Estate Planning - Durable Power of Attorney (DPOA)

What is a durable power of attorney? 

A durable power of attorney is a written instrument where you (as the “principal”) appoint one or more persons (as “agents”) to act on your behalf. An agent, for example, might be able to sign a check on your checking account, to sign a tax return for you, or buy and sell property in your name. An agent can even be provided with the legal authority to make gifts of your assets (but only if this is specifically outlined in the instrument).

Often, a separate document is utilized for healthcare decisions. A durable power of attorney for healthcare is a document where you appoint another person to make healthcare decisions for you should you become incapable of making them yourself.  Occasionally, one instrument will be used to appoint an agent with powers and authority over both healthcare and financial decisions. Alternatively, one instrument will act as a power of attorney for healthcare and a second instrument will act as a durable power of attorney for financial and property matters.

What does “durable” mean when it comes to a power of attorney? 

The word “durable” means that the appointment of an agent is effective even if you become disabled or incapacitated – meaning you no longer have the ability, due to illness or injury, to make decisions for yourself. In this sense, a power of attorney is durable. While you are incapacitated, your agents can be taking care of your affairs for you. In fact, this is the goal of most durable powers of attorney – to give legal authority to someone you trust in the event you are no longer able to make those decisions.

A power of attorney gives the person you assign as your agent permission to manage your property or financial affairs and can be drafted so that it becomes effective only upon your incapacity. Alternatively, a financial or property power of attorney can be drafted so that it is effective immediately. The benefit to the “effective immediately” durable power of attorney is that there is no need for your agents to document the existence of an incapacity – such as, with a note from your doctor. The downside to an “effective immediately” durable power of attorney is that you may not want to give your agents authority over your affairs at the present time.

A power of attorney for healthcare, by contrast, is never effective immediately. A power of attorney for healthcare can only “spring” into effectiveness upon your incapacity. Sometimes, this kind of power of attorney is called a “springing” durable power of attorney.

 How do I create a durable power of attorney? 

A durable power of attorney may be created at any time by a competent adult.  It must properly state your intent to give authority to your agent to make health care decisions should you become incapacitated. It must also be signed by you and two witnesses or a notary public. Alternatively, you may direct another person to sign for you in the presence of witnesses. A durable power of attorney is a complex and powerful document which gives broad authority to your agent to make important decisions for you if you should ever become incapacitated.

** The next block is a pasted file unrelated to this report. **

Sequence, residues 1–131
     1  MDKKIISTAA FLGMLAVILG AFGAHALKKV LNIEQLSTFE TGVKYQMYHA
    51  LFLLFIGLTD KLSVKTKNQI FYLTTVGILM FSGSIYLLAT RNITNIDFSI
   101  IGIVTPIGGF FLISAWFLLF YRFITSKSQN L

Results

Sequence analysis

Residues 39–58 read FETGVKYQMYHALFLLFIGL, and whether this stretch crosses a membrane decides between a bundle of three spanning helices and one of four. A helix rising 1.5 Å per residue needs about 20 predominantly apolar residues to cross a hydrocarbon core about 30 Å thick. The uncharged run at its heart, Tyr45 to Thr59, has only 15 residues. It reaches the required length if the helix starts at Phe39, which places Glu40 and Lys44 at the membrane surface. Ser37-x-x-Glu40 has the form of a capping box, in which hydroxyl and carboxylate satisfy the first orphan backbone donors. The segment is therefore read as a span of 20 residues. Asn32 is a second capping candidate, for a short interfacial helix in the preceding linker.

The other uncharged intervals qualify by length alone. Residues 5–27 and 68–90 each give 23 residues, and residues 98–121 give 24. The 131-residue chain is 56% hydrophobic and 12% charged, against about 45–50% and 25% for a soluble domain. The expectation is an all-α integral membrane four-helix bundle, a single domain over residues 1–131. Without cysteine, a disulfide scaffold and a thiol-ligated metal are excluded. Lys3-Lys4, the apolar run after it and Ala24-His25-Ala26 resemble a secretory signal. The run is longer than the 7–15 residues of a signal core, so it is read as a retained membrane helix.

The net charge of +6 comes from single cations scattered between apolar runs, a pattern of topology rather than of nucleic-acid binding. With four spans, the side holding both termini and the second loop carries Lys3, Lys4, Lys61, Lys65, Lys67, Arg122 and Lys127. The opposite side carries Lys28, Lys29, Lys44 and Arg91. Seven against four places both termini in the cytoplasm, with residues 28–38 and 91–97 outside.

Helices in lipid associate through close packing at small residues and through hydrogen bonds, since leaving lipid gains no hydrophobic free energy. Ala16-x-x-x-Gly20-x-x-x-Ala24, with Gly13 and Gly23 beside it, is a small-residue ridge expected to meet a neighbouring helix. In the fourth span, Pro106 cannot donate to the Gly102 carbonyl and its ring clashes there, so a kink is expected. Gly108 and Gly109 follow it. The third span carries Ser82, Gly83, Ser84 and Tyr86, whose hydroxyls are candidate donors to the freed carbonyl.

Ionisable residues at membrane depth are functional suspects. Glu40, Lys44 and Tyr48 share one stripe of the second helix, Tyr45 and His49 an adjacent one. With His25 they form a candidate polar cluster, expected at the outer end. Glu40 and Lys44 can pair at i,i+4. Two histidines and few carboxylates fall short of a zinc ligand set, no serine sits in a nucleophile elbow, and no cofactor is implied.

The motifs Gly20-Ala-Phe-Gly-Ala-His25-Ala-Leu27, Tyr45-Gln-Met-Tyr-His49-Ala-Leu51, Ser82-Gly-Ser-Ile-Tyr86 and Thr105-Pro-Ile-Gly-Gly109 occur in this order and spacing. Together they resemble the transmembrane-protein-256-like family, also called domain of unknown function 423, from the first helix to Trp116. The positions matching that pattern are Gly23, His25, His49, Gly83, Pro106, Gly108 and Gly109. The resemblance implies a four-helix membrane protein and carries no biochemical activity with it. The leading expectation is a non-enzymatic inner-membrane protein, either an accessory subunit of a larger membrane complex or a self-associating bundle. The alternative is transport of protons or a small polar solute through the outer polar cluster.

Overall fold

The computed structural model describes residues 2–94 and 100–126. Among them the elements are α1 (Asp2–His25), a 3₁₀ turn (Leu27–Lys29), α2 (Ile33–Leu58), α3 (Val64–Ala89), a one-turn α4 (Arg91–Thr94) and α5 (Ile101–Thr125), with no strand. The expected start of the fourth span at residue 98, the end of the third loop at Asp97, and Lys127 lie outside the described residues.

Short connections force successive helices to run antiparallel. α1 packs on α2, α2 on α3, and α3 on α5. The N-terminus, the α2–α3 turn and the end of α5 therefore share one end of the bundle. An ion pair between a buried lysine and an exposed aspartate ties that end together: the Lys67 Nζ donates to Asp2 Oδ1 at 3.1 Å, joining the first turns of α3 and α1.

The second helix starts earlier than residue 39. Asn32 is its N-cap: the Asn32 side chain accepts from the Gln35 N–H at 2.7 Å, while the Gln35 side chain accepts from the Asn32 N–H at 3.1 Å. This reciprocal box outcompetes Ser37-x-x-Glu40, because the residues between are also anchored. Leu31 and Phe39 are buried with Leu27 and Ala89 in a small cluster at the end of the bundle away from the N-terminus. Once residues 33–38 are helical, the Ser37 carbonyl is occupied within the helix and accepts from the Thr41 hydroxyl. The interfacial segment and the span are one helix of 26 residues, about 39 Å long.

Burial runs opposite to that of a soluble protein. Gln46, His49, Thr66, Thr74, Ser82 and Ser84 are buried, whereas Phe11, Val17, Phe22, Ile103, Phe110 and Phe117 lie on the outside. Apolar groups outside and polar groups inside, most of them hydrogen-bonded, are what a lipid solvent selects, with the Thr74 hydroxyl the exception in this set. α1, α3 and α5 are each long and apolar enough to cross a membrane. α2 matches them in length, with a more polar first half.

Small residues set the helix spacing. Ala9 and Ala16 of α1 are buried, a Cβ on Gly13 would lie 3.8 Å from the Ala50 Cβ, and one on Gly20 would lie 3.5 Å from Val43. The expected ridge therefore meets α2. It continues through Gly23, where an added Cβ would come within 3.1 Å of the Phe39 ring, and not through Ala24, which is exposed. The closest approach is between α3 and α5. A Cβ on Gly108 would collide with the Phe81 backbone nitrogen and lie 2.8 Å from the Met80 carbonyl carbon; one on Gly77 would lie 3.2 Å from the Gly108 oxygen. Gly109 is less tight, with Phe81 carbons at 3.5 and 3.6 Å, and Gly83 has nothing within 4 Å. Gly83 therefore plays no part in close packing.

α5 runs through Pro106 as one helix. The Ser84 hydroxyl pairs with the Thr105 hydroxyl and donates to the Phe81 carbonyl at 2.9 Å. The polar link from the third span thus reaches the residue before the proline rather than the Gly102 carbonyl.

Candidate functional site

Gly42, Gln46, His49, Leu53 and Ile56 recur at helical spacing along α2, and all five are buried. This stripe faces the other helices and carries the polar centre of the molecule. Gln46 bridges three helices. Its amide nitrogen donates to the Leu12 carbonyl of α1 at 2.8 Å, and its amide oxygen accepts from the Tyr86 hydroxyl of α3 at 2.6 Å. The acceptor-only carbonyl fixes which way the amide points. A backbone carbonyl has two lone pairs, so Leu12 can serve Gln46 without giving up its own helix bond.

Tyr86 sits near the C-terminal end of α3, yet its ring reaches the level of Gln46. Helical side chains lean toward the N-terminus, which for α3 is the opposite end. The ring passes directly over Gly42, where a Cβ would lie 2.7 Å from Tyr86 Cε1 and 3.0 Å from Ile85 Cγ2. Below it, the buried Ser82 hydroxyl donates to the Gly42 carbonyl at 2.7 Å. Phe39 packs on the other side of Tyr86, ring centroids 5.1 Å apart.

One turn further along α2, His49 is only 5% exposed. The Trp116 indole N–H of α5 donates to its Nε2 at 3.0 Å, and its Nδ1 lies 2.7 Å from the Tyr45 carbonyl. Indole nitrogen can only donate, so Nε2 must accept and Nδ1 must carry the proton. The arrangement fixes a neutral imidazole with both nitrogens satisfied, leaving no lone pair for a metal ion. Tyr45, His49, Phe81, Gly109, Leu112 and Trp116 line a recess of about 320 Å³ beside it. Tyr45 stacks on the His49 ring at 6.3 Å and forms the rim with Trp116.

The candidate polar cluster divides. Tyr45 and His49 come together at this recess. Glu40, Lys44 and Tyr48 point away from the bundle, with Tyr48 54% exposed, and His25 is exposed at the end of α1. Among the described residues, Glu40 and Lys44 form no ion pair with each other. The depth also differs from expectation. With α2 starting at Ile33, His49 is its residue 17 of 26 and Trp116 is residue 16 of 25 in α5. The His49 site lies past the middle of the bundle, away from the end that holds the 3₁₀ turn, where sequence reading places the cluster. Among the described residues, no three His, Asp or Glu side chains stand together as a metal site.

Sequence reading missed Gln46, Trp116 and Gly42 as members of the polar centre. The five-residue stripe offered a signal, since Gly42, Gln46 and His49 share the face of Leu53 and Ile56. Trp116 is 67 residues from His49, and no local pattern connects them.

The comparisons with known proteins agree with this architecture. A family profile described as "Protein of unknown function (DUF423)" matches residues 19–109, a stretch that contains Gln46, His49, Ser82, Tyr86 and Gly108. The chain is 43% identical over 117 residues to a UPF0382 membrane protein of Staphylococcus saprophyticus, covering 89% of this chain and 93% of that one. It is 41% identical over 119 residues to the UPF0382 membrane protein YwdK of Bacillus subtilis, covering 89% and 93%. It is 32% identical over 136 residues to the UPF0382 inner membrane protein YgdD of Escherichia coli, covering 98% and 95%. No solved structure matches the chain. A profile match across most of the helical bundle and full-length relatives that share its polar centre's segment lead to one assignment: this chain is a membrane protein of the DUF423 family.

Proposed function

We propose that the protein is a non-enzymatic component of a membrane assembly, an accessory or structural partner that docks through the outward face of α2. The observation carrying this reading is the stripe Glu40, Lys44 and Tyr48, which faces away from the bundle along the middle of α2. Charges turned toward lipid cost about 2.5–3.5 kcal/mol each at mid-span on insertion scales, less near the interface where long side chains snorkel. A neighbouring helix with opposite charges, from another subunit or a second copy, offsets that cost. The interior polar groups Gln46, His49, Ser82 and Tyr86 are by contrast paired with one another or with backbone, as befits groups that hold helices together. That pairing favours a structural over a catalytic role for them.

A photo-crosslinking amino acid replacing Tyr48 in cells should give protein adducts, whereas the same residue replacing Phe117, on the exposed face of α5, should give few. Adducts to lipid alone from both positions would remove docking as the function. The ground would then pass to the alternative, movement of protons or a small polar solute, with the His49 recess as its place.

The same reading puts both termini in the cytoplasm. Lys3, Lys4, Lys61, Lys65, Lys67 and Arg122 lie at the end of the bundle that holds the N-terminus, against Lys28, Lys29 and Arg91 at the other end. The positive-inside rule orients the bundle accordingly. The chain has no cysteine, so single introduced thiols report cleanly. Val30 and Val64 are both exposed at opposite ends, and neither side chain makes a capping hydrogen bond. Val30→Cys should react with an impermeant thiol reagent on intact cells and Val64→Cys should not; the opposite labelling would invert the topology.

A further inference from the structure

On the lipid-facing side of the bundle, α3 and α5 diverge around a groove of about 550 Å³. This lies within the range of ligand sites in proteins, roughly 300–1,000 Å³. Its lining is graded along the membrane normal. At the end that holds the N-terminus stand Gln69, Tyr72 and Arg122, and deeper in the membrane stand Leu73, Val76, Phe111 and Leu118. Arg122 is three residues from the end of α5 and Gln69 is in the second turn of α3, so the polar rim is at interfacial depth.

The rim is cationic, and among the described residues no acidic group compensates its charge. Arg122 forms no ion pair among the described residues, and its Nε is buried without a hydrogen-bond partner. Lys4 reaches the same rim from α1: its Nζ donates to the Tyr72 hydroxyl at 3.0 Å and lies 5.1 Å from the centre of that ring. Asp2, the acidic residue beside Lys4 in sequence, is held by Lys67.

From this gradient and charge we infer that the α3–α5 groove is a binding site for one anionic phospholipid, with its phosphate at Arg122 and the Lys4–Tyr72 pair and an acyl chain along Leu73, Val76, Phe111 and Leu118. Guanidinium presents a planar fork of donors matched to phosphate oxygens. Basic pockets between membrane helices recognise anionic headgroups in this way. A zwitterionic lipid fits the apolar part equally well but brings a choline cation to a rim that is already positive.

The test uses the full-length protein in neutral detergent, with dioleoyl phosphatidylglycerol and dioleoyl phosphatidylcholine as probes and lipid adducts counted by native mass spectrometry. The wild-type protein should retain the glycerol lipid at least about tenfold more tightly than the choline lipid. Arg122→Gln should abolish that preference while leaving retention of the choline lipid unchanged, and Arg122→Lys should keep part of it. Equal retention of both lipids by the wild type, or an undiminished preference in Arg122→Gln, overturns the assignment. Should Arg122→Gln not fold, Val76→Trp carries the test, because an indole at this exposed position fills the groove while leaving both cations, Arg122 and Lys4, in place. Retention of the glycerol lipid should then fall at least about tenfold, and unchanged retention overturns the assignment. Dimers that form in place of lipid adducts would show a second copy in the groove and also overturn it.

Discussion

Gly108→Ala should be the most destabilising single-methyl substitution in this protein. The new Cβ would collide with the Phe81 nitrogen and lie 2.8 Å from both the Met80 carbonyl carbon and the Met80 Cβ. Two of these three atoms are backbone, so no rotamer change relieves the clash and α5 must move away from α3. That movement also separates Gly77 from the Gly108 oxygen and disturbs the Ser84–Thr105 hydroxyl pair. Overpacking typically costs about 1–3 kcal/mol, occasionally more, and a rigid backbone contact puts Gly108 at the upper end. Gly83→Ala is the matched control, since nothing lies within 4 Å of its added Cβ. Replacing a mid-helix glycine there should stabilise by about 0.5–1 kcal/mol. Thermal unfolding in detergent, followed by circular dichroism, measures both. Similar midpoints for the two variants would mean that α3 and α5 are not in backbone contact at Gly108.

Is there an approved form for a durable power of attorney for finances and property?

No. There is no statutory form for a durable power of attorney for finances and property. The best way to get a valid form is to consult with a South Dakota attorney.

Who should I name as my agent?

Selecting an agent should not be taken lightly. You must think carefully about who will best be able to speak for you if you become incapacitated. For some, this might be a spouse or an adult child, but you may name anyone, including a trusted friend. You may consider appointing multiple agents, successor agents, or co-agents. Your agent will be a fiduciary. There are many responsibilities and expectations of fiduciaries because of the power that they hold. You should also consider whether the agent will be paid for their work as your agent and what the payment will be.

What are the advantages and disadvantages to a durable power of attorney?

The primary advantages to a durable power of attorney are their relatively inexpensive cost and the ability to select the individual or individuals that you want making decisions on your behalf during a period of incapacity. With proper planning a guardianship or conservatorship can be avoided because agents can be vested with essentially the same powers. This avoids the cost and delay of a court proceeding.

The primary disadvantage to a durable power of attorney is the lack of supervision and oversight of agents. Remember – you will not be able to adequately supervise your agents because they will be acting when you are incapacitated.

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